Two Nigerians on hunger and thirst strike collapsed at the weekend and were taken to hospital by ambulance.
Paul Uzo (41) and Femi Owoade (30) are among more than 250 Nigerian asylum seekers who claim to have been on hunger and thirst strike since Thursday following a stepping-up of asylum reporting requirements.
They are seeking a meeting with immigration officials so they can find out their fate. They say they are being held under virtual house arrest by having to sign in at their hostels in Lower Gardiner Street and Hatch Street Lower every morning and evening. They believe they are being prepared for deportation.
All of the men have applied for residency on the basis of having Irish-born children.
They arrived in Ireland earlier this year to be reunited with their families, after Minister for Justice Michael McDowell appeared to allow applications for residency from parents of Irish-born citizens.
Mr Uzo, a father of two children, collapsed while attending Mass in Dublin’s Pro-Cathedral yesterday morning. He was taken to the Mater where his condition was still being monitored yesterday evening.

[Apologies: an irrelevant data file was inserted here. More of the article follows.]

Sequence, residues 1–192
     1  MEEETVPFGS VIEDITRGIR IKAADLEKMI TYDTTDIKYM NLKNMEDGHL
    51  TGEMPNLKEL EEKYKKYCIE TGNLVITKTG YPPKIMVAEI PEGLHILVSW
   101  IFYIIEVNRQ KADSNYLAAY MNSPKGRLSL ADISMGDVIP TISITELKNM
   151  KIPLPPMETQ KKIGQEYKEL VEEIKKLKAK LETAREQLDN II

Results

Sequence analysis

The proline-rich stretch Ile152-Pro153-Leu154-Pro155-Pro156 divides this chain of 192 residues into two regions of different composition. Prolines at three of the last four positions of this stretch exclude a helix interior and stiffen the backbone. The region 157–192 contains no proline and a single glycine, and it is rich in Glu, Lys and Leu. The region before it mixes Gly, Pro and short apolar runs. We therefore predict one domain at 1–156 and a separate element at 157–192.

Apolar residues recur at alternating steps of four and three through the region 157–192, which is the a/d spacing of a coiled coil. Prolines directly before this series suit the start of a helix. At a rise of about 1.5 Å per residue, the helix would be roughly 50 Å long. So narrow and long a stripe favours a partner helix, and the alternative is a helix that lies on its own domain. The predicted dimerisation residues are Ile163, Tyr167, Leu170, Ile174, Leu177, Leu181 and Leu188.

Late on Saturday night, Mr Owoade collapsed in his bedroom. He was discharged early yesterday afternoon from the Mater.
Like most of the group, both men have been refusing liquids as well as food. Mr Owoade resumed his hunger strike when he returned from hospital, friends said. A number of pregnant women had also joined in the strike but they were being urged by the men to take some fluids.
“We are very weak but the struggle continues,” one man said. “All we want is to meet someone and get some information.”
Sinn Féin spokesperson on justice, equality and human rights, Aengus O Snodaigh, said: “I want Minister McDowell to hear this loud and clear. Mass deportations are wrong and I believe contrary to the European Convention on Human Rights.
“No parents of Irish children should be removed from this country. All Irish child citizens must have the equal right to remain in their country of nationality in the care and company of their parents.”
Labour TD Joe Costello saod parents of Irish children should not be “unilaterally deported”. “For people to go on hunger strike to obtain their rights in this day and age is a sad reflection on our immigration policy,” he said.